Much has been written these days about growing polarization in American life. One hears of school board meetings devolving into shouting matches, neighbors squabbling over political yard signs, and families torn apart in the comments of a politically charged Facebook post. Into the fray comes a slender volume from two Jewish educators paradoxically seeking to create more, not fewer, arguments.
Stories for the Sake of Argument, by Abi Dauber Sterne and Robbie Gringras, is filled with short stories designed to spur family members or groups to engage in healthy disagreement on hot button issues.
Sterne and Gringras both reside in Israel, and the book is written from their perspective. Each chapter has a story highlighting a contentious topic. Stories fall into three categories: Warm-Ups, which are more appropriate for younger members; Israel, which deals with specific issues pertaining to Israel; and Allegory, which are stories with multiple layers, usually alluding to a larger, real-life conflict. This book is not meant to be read quietly to oneself, but rather to be presented in a group setting and read aloud to eager participants.
In Judaism, there is a tradition of disagreement that stems from the Talmud. The School of Shammai and the School of Hillel disagreed on almost everything, but both their points of view are preserved in the Talmud. The idea that two sides of an issue have enough validity to exist alongside one other into perpetuity is stridently Jewish - so long as the opinion doesn't infringe on someone else's autonomy or right to exist. In this same tradition, Sterne and Gringras seem to be asking us to engage one another in the arena of collegial debate.
Some stories are very Israeli, like the grandmother living alone in Haifa, who no longer wants her granddaughter to travel by bus on Shabbat to see her. Haifa is the only city in Israel where public transportation runs on the Jewish Sabbath. The question is whether the granddaughter must honor her grandmother's request or whether she can refuse, as she's already traveling a great distance to see her. While this appears to be a very particular examination of a Jewish-Israeli issue, the expectation of familial deference and bending to a respected elder's wishes is age-old. In most cases, whatever category the story falls into, it brings out deeply felt convictions of one kind or another.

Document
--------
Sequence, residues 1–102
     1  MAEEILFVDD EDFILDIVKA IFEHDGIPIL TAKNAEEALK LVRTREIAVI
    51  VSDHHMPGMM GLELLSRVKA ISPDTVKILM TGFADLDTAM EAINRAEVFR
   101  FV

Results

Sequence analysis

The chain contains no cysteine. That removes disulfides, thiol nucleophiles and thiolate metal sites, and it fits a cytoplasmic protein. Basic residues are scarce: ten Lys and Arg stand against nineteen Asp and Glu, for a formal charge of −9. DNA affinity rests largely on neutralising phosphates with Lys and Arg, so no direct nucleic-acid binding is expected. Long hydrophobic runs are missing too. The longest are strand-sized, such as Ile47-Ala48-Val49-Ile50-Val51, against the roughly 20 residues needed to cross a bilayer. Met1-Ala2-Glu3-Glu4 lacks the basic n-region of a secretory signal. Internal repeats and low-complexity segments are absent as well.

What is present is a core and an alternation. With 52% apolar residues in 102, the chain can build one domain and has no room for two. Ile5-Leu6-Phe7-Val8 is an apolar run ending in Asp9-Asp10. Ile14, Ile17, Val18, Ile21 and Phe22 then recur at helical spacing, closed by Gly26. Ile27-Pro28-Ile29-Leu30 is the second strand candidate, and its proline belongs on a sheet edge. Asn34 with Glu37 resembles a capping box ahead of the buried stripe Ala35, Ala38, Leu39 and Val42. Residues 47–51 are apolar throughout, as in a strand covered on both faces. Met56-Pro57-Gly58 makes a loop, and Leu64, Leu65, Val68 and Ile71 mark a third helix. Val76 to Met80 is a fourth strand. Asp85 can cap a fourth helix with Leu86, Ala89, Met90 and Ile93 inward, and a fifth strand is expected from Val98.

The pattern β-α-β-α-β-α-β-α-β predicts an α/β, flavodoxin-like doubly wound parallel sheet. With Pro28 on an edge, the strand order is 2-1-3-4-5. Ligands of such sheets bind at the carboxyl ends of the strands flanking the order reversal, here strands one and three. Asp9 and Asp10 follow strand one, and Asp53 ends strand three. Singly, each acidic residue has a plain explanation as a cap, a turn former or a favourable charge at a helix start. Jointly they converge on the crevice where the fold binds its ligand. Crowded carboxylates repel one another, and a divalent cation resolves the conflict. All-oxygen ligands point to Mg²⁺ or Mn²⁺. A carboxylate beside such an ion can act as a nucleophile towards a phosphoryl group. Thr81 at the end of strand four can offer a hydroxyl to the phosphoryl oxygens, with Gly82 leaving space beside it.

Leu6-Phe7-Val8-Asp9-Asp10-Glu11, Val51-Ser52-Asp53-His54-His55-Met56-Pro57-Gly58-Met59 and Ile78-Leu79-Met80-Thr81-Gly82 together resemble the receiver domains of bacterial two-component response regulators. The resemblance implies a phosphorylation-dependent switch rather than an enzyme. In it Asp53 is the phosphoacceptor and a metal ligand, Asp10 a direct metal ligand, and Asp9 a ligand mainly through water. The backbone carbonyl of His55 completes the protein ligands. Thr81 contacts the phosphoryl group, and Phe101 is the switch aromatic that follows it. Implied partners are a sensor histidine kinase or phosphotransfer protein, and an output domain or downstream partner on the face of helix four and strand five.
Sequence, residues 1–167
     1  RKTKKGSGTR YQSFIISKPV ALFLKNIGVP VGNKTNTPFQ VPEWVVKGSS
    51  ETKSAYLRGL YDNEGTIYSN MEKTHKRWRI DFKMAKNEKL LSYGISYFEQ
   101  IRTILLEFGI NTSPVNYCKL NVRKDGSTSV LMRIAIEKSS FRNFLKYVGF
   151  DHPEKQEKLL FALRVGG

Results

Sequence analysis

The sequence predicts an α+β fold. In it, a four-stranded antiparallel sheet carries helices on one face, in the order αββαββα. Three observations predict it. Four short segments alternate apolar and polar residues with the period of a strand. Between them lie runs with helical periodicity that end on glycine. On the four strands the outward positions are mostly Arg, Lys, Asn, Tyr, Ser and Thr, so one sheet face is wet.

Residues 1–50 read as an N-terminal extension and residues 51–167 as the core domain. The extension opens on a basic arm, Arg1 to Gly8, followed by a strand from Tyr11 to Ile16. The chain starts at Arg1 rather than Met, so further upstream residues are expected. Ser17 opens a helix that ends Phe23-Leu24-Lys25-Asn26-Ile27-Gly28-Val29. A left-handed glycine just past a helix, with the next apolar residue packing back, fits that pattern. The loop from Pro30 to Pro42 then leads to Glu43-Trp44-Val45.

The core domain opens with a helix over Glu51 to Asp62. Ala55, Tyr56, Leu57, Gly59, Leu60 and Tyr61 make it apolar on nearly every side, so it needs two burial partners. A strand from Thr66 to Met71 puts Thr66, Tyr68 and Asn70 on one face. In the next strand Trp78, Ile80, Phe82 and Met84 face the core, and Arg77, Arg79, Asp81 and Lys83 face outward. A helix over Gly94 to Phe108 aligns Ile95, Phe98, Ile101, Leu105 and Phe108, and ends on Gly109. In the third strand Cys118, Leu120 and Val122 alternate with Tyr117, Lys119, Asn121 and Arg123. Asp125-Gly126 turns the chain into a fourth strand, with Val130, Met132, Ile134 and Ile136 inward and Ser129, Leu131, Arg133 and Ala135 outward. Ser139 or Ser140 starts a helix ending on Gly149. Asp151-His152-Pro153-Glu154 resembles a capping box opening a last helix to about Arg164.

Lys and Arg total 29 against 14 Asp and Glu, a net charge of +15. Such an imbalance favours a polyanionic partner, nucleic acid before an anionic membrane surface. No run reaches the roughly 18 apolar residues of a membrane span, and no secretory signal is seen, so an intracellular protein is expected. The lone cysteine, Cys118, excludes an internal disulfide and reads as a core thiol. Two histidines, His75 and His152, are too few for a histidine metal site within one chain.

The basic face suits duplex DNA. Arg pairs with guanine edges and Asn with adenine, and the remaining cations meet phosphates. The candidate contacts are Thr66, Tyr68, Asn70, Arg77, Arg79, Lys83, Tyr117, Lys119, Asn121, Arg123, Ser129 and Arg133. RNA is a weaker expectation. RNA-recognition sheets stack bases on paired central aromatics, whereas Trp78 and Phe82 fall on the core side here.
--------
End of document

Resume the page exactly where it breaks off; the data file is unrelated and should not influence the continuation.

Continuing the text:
Immigration, racism, the question of whose land you're on, protest during the national anthem - all of these are covered in various ways and representative of issues with which Americans and Israelis alike grapple. Even one of the most contentious issues of our time, COVID, is explored in the tale of twin sisters, one of whom will not get vaccinated, the other insisting everyone at her wedding has their vaccine card. These issues aren't easy, but they're presented in an accessible, empathetic, and thoughtful manner.
The real question is whether the aims of the authors can be achieved with this "storybook." Without saying it, a book that encourages its audience to argue suggests that the participants may be out of practice. Each chapter has a story, background information for context, and questions to prompt debate. Participants are asked to sleep on it and then consider if their opinion has changed. If we've forgotten how to disagree effectively, then Stories for the Sake of Argument provides a roadmap to better debate by helping us clarify our own positions while gaining better insight into opposing ones.
Hillel and Shammai's mutual desire was to arrive at the truth, not to win the day. They debated for the sake of heaven, not for the sake of victory.
The authors of Stories for the Sake of Argument hope to create citizens more skilled in earnest disagreement and reduce incidents where one tries to shout at the other into silence. In effect, they are continuing the Talmudic tradition of building a better world with more heavenly arguments.